Da de los Muertos is a Mexican holiday that honors and cherishes the lives of deceased family members. The holiday is steeped in customs, symbols, and cultural significance. It is essential to approach Day of the Dead attire with respect and an understanding of the holiday’s origins and significance. Here are some attire suggestions:

For Women:

  • La Catrina Costume: This is one of the most iconic Day of the Dead figures, characterized by a female skeleton dressed in a lavish, often Victorian-era, gown.
    • Details: Gloves made of lace should be exquisite and can be either wrist- or elbow-length.
      • Feathered hats lend an aura of aristocracy. Consider one that complements your outfit or cosmetics.
      • Complex jewelry, such as chandelier earrings and opulent necklaces.
    • Makeup: Sugar skull makeup can be adorned with fake gemstones, intricate line work, and additional color gradients.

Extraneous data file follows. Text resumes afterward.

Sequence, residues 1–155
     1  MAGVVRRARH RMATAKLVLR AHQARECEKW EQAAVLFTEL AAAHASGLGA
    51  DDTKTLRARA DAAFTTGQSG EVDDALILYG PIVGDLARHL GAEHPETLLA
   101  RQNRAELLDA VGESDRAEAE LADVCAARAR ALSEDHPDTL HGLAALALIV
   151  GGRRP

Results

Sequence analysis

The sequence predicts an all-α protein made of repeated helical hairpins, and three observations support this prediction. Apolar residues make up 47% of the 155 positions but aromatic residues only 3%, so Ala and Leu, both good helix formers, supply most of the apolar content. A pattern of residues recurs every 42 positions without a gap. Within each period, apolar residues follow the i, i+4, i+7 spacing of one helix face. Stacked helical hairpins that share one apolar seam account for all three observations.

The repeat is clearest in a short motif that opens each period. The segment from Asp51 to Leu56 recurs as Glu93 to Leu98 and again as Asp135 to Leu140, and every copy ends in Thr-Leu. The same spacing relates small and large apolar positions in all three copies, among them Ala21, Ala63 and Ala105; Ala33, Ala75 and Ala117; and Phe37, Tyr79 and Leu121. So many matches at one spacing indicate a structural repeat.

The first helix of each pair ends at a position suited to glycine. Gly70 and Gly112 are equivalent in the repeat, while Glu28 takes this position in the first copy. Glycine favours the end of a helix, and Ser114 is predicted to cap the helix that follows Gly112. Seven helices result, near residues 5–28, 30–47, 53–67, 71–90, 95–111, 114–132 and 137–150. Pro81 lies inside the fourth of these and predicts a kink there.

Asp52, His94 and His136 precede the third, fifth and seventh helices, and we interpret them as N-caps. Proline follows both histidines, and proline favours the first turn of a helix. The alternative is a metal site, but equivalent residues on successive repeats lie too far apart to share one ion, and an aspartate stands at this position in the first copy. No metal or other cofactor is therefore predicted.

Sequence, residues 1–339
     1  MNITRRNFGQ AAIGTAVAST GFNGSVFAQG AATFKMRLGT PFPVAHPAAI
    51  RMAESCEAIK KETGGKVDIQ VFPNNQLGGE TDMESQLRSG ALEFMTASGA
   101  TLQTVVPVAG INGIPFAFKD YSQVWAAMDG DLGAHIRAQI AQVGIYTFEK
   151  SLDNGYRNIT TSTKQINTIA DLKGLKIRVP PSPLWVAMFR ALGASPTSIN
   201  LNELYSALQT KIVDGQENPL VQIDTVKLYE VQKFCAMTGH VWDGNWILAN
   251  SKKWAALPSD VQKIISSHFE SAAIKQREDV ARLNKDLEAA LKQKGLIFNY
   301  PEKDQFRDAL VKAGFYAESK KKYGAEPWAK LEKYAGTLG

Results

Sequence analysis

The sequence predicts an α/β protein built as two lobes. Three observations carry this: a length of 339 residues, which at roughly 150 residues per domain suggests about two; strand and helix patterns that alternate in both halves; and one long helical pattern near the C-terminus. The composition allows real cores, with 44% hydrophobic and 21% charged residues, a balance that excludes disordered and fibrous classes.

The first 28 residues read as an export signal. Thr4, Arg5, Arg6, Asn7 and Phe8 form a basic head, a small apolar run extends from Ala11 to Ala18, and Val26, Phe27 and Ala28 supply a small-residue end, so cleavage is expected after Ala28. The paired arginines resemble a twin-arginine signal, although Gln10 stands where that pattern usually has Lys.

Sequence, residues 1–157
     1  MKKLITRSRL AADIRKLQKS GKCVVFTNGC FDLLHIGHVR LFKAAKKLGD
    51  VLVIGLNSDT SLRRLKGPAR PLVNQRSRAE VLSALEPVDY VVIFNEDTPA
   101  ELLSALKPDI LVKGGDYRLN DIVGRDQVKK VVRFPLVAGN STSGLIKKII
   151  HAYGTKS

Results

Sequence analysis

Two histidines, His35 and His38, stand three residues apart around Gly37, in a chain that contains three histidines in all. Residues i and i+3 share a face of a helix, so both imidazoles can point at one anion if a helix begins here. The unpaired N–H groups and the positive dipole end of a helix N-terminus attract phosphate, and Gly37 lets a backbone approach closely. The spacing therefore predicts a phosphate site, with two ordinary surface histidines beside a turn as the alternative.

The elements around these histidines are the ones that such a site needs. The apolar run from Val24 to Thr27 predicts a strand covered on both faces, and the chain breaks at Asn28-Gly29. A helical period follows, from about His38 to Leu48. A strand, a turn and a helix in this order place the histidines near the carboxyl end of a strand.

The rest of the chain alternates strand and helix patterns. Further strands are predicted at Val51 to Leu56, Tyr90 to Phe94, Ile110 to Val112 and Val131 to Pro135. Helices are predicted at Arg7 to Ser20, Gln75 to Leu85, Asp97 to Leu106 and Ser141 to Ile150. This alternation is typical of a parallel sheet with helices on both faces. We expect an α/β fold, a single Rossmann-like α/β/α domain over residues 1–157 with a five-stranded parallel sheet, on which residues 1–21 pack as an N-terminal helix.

• DIY Ideas: Using craft materials, design your own feathered headwear. Adhere feathers, artificial blossoms, and even small skulls to the base of a hat.
  • Traditional Mexican Dress: Dresses such as “La Puebla” or “Adelita” are also appropriate.
    • Details: Embroidery should be colorful and can feature floral or geometric patterns.
      • It is possible to weave sashes with cultural patterns or to simply use brightly colored fabric.
    • Accessories: Flower crowns can be created from real or artificial marigolds, roses, and other vibrant flowers.
    • DIY Ideas: Consider embroidering your own sash or dress with personalized designs if you’re creative.

For Men:

  • Charro Suit: This is a traditional Mexican cowboy outfit.